The word “gnossienne” describes several pieces of piano music composed by Satie that didn’t fit into any of the existing styles of classical music like a piano prelude or a sonata. Satie easily solved this dilemma by simply titling the pieces with a completely new and made up word, in this case - “gnossienne.” Though the etymology and the pronunciation of Satie’s made up word “gnossienne” remain a mystery to many, what is clear is that his six gnossiennes are wonderfully unique and beyond intriguing.
Satie composed his first three Gnossiennes around 1890, without time signatures and bar lines (often referred to as “absolute time”) and traditional tempo markings. His peculiar scores could be read like musical poetry - one can interpret the piece with very few restrictions, as his tempo markings were made of phrases like “don’t leave”, “lightly, with intimacy” and “don’t be proud.”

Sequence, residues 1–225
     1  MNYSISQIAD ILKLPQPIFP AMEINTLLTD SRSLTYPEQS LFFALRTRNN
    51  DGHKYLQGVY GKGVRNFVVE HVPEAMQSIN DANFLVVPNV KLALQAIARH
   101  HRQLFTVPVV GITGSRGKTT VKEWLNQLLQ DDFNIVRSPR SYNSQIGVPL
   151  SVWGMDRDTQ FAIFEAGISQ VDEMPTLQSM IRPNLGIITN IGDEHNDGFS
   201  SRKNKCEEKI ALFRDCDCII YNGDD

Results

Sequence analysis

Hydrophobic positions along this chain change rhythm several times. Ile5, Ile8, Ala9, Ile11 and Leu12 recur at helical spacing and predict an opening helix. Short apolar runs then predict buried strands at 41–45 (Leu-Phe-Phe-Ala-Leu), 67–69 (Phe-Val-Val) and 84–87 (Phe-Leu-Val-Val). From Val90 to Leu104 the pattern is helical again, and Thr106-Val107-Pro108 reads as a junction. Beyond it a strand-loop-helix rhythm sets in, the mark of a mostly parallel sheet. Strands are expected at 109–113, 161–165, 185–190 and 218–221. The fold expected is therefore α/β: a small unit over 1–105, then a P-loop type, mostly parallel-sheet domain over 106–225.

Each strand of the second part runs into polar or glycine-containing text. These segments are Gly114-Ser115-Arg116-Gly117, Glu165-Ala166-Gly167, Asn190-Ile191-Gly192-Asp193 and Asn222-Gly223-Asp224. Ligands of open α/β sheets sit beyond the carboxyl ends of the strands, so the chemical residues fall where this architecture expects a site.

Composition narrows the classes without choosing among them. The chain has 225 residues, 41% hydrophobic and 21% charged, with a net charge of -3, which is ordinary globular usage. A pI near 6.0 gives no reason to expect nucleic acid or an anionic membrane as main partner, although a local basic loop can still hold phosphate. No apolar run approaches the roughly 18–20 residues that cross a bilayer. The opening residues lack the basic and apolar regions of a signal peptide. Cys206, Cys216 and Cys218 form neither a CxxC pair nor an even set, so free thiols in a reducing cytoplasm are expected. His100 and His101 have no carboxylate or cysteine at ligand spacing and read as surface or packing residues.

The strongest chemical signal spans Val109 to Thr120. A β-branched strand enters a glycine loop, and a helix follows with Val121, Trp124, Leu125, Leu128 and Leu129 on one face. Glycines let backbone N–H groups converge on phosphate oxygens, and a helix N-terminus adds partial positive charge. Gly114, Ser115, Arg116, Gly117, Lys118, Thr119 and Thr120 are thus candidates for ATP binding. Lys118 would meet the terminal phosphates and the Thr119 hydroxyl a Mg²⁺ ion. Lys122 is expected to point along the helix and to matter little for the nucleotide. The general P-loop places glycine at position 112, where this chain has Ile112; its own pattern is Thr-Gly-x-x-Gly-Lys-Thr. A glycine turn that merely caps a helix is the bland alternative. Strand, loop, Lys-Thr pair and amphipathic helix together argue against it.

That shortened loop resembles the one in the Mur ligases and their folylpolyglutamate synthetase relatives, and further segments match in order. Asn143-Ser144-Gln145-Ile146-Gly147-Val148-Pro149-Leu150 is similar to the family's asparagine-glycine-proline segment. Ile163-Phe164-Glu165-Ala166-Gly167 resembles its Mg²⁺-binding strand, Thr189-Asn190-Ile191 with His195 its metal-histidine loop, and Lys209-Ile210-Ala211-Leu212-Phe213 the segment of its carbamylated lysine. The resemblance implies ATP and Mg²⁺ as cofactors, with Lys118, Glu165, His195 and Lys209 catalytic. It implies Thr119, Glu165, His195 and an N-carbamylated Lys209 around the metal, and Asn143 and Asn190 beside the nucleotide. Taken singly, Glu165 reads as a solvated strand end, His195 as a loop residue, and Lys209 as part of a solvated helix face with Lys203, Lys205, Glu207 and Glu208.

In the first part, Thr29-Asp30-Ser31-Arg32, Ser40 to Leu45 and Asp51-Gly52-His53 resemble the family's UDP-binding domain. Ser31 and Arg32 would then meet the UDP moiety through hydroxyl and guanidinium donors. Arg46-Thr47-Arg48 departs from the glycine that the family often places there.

Overture, Valse, and Finale from Thomas Adès’ first opera, Powder Her Face (commissioned by Almeida Opera for the Cheltenham Festival in 1995), performed here by the Philharmonia Orchestra at BBC Proms 2007. Christoph von Dohnanyi conducting.